My third and most important recommendation is that we begin the process of implementing and not just talking about real time collateral level transparency right now.  Around the world, Issuers should pay for and make the data available.  Why should Issuers pay?  In the structured finance markets, they benefit most from the economic value of trust. 


In addition, Governments should make implementing real time collateral level transparency a basic condition of receiving an injection of funds from the Governments, whatever form those funds take.  This is particularly true for all RMBS related securities that the Governments acquire.  The US Government intends to modify many of the loans underlying these securities.  It is critical that the market participants have the daily data to monitor these modifications and properly revalue the securities.  Otherwise, when the Governments try to resell the securities, it will be just like this paper bag with no one knowing the value of the contents and no one willing to buy.


We have the technology and know-how to implement this type of transparency.  Since I am a U.S. taxpayer and would like to minimize the bailout’s cost, I would recommend, since they are already getting funds from the U.S. Government, starting with Fannie Mae and Freddie Mac.  They should be leading examples of industry-wide best practices.  Best practices include real time collateral level transparency.  We could fully implement real time collateral level transparency for their securities in 6 to 8 months from today.  We could also fully implement real time collateral level transparency on the bulk of the rest of the $15 trillion structured finance market within 12 to 18 months from today.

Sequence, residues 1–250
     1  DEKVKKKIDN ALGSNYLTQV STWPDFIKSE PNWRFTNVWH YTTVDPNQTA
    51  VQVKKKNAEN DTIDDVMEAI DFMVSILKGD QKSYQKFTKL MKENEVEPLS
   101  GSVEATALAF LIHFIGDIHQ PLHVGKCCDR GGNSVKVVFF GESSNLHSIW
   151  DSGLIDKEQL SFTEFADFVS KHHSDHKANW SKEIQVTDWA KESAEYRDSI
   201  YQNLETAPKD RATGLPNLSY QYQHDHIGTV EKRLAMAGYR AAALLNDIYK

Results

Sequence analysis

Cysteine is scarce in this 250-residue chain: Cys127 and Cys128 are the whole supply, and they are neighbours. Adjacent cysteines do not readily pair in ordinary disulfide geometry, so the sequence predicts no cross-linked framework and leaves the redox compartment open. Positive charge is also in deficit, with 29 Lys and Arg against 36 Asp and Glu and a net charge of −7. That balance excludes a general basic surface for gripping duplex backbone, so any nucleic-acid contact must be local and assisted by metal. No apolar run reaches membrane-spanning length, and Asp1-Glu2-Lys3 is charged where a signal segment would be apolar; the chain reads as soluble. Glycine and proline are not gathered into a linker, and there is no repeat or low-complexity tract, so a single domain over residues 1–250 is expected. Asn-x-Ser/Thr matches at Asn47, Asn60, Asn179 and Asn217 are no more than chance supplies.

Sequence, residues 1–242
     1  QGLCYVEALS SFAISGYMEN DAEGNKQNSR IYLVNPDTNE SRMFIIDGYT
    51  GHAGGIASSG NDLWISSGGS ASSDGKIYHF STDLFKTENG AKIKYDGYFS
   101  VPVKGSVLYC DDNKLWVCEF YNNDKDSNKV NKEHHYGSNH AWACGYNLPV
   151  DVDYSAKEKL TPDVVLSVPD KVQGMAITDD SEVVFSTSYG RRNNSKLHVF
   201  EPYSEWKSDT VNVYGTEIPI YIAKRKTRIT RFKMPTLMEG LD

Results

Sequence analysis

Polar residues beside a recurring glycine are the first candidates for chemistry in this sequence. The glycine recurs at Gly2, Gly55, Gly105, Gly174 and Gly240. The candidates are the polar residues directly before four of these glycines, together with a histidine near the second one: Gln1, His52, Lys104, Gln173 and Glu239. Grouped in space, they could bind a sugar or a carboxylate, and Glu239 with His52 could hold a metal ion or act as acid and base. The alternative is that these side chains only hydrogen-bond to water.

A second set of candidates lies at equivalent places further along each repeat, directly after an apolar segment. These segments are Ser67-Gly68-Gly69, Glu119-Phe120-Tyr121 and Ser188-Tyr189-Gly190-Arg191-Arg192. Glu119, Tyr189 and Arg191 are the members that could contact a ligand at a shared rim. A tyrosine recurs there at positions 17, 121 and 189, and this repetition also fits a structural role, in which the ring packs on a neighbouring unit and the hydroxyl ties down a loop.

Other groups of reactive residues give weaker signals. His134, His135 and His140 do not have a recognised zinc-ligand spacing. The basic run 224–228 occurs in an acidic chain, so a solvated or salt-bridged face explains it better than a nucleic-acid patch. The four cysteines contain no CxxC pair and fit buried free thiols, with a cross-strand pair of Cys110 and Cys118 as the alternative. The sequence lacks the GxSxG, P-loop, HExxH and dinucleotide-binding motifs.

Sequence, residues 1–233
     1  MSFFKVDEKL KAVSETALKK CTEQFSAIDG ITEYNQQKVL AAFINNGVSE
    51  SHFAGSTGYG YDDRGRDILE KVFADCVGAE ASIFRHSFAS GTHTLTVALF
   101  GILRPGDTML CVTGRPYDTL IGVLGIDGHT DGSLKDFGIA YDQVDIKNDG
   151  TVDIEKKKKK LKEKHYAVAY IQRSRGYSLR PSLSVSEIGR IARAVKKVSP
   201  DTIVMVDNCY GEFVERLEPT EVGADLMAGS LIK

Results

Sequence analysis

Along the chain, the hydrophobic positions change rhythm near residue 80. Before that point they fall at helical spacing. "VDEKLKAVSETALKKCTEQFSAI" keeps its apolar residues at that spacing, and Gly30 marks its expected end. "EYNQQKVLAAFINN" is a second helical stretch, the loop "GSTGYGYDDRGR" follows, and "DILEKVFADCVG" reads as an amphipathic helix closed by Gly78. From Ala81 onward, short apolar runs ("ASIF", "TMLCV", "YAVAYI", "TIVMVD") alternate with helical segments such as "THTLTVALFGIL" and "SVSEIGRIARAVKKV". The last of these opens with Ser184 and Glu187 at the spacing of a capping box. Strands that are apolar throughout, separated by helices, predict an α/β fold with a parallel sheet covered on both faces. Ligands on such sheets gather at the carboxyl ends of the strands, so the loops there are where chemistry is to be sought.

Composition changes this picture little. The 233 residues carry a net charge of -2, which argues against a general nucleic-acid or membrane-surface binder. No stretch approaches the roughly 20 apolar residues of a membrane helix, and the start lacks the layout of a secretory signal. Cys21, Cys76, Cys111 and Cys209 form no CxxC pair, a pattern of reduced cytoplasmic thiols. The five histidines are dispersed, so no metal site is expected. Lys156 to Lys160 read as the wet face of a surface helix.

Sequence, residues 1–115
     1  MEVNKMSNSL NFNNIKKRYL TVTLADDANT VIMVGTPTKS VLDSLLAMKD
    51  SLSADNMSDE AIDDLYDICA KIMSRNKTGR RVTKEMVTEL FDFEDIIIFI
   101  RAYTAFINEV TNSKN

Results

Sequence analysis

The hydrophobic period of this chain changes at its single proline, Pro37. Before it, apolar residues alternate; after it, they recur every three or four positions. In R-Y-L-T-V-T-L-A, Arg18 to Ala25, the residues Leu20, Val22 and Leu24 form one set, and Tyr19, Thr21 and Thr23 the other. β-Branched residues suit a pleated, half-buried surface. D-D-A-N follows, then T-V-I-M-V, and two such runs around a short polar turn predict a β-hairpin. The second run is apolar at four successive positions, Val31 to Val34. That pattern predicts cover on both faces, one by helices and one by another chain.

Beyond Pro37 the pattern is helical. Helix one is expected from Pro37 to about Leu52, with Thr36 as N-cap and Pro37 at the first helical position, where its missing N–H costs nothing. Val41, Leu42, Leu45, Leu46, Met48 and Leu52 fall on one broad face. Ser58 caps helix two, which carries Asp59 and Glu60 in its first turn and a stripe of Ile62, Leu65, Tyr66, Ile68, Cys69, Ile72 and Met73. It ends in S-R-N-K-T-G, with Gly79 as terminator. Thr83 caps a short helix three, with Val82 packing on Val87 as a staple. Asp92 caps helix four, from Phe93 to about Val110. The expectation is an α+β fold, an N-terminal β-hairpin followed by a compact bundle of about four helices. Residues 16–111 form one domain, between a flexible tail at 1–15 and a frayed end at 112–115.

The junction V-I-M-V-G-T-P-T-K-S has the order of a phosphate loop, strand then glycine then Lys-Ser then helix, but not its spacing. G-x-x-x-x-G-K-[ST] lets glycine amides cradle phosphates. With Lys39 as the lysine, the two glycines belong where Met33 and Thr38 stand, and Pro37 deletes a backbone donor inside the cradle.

Finally, in the spirit of transparency, I need to make a disclosure.  My firm is sponsoring the formation of this industry owned utility and will provide it the information technology and personnel to implement real time collateral level transparency.  Let me make three points about this disclosure:


First, several of the largest financial institutions in the world are pursuing the opportunity to become an investor.  Each of these institutions will also become a client.  By embracing the utility they are telling the world that they believe they have nothing to hide.  This is a critical first step in re-establishing trust between banks and restoring investor confidence.


Second, the origins of my firm’s intellectual property dates back to the 90’s when I set about solving the problem of eliminating fraud from medical receivable backed structured finance deals.  I received a patent for this groundbreaking work.  Since then, I have developed, enhanced and adapted the technical basis for this solution to bring transparency to all the different asset types backing structured finance deals. 


Third, the individuals who have indicated their desire to run this utility and who would actually implement transparency from an IT perspective have spent most of their careers as senior executives in the business offices of one of the ten largest financial institutions in the world.

·         They have significant experience integrating computer systems using a small army of consultants and managing databases similar in size to what the utility will have. 

·         They have assured me that the technical solution I have proposed is straight forward in its implementation and that it will provide transparency for even complex CDO’s.

·         They provided the 6-8 month time frame for executing transparency across Fannie Mae and Freddie Mac and the 12-18 month time frame for most of the rest of the Industry.


In conclusion, the structured finance industry has talked about the need for transparency for over one year.  Now is the time to stop talking and start doing by implementing real time collateral level transparency.  Are you in?


Thank you for listening.  At this time, I would like to answer any questions that you may have.


Slide:  Questions and Answers